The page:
Москва «до» и «после» Революции: социология родного города в сочинениях Федора Степуна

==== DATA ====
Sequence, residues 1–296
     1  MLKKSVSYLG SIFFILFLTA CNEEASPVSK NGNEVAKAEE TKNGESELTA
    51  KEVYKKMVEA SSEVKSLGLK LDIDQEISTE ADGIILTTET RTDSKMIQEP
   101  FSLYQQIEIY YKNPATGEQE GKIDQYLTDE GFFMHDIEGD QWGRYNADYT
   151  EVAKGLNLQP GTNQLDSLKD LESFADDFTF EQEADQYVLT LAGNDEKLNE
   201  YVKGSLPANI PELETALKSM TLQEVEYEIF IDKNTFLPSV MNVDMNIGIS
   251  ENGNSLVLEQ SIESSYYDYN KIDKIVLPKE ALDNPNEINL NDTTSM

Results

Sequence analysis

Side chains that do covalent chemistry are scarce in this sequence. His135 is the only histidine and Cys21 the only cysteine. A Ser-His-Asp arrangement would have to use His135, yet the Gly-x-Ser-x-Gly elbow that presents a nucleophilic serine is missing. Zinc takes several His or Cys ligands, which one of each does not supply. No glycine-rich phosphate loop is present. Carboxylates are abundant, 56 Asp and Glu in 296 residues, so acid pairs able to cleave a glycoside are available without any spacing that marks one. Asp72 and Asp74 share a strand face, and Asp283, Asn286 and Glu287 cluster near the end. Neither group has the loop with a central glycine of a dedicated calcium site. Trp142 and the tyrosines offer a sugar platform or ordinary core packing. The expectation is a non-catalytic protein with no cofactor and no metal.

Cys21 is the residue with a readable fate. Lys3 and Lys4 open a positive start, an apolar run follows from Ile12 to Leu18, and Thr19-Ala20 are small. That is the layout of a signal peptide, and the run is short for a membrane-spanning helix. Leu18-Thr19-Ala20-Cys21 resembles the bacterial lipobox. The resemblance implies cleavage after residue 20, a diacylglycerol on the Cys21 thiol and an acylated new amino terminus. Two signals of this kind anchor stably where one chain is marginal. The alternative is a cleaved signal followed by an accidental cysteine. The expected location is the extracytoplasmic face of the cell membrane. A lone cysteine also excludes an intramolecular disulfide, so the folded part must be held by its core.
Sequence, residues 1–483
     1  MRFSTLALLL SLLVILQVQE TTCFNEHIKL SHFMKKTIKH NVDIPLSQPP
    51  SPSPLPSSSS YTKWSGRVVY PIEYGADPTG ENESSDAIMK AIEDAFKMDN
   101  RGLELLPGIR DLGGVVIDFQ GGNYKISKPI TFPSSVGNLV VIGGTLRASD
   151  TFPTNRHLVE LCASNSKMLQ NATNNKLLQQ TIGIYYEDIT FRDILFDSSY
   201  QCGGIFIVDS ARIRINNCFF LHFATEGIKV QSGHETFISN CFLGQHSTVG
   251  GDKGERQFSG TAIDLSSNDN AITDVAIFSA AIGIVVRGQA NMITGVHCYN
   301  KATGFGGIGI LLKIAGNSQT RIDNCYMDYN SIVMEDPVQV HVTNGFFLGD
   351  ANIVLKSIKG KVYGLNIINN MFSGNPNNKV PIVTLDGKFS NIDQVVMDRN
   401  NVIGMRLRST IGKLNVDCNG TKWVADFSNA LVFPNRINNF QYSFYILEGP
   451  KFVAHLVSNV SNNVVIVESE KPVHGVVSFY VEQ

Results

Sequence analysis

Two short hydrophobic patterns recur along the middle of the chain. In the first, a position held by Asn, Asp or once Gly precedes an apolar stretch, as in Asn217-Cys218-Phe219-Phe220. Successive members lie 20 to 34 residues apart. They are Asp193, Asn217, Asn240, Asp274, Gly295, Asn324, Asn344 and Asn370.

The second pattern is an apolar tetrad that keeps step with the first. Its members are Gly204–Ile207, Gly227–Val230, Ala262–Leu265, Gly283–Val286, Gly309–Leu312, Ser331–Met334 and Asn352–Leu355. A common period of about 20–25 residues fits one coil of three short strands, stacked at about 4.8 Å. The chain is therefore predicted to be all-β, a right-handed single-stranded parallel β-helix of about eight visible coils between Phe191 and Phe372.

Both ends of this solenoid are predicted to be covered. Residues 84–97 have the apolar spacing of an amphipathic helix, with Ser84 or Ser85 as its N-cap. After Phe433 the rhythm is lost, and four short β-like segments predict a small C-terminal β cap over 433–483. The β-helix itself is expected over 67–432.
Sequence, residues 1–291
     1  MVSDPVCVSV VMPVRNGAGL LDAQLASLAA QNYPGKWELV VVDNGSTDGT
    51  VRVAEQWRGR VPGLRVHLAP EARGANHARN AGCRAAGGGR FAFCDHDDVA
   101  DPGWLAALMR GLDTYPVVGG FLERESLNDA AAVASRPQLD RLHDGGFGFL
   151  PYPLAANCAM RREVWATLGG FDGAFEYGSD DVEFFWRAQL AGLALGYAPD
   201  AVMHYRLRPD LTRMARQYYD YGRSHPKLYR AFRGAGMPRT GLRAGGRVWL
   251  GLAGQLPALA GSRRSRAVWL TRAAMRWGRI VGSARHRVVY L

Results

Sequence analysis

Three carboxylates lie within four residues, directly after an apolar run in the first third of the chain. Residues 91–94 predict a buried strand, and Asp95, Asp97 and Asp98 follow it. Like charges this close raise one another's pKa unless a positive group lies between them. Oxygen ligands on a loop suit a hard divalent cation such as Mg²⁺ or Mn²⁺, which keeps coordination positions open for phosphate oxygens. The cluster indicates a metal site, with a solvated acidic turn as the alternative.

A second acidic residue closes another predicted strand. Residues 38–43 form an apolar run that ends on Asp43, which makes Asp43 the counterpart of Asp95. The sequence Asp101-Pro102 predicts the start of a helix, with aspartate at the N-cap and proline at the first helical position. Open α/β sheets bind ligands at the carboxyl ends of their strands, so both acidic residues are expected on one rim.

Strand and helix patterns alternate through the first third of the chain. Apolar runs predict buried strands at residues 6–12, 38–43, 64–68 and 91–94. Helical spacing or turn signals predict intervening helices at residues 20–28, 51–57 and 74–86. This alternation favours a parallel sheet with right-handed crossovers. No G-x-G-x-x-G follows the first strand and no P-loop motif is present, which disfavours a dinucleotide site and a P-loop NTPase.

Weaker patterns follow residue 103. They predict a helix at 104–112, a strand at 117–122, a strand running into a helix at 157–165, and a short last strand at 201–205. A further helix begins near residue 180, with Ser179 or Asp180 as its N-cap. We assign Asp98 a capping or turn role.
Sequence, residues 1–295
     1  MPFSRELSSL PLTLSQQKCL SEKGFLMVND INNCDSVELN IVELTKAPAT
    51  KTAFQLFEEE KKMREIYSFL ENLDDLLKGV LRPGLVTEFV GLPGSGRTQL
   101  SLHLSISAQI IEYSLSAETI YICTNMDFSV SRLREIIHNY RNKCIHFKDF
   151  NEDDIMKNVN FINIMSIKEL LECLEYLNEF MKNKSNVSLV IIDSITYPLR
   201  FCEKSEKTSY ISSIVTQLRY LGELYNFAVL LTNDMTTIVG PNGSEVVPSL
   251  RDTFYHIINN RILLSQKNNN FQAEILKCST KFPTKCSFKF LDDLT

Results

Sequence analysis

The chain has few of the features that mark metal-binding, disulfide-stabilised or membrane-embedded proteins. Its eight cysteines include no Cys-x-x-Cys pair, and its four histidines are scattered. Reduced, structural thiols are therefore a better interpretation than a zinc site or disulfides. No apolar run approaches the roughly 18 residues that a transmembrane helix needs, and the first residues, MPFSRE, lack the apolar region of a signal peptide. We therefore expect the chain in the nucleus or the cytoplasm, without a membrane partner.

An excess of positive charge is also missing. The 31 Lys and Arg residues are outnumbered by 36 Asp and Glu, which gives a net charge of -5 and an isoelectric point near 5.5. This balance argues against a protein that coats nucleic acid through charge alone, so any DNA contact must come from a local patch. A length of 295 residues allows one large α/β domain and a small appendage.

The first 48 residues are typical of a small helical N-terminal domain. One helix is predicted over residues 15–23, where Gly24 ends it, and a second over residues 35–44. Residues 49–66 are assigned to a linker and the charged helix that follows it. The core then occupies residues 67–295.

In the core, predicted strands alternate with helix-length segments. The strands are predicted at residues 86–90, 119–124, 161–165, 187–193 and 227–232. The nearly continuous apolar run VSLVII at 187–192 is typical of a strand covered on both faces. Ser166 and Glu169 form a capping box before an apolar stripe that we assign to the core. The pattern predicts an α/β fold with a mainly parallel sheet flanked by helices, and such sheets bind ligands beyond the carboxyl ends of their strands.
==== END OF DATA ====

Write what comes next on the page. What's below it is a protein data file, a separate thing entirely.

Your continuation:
This article is devoted to the analysis of the distinctive “sociology of Moscow” of the Russian philosopher and sociologist Fyodor Avgustovich Stepun (1884–1965) who was born, studied, and lived in Moscow until his expulsion in 1922 by the Bolshevik regime of Soviet Russia. From a large amount of factual material, the author shows how the creative experiences of the Muscovite Stepun were associated with two different periods of the life of Moscow, “before” and “after” the Revolution of 1917. Before the First World War, Moscow was a favorite theme of steppe-memoirs. Unlike many authors who called those years a “lost time” for Russia, Stepun, on the contrary, highly valued that time period for its social dynamism and diverse cultural creativity. A native Muscovite, Stepun was encouraged by the rapid pre-war growth of the old capital and had repeatedly declared the life in pre-war Moscow to be the “Golden Age” of Russian culture. He shared the idea that an “enlightened Russia” is “a better Europe” with his emigré friends, G. P. Fedotov and V. Wadle. A special place in the article is given to the analysis of Stepun’s attitude as an analyst and memoirist to the radical transformation of the “metaphysical landscape” of Moscow after the revolution; Stepun called it an “existential revolution” that broke all the usual human “identities”. According to Stepun, the Bolshevik Revolution literally produced a tectonic shift of human existence, not only knocking millions of people from their usual contexts of existence, but also stretching the limits of and exposing all of the primary “existential” meanings of human existence.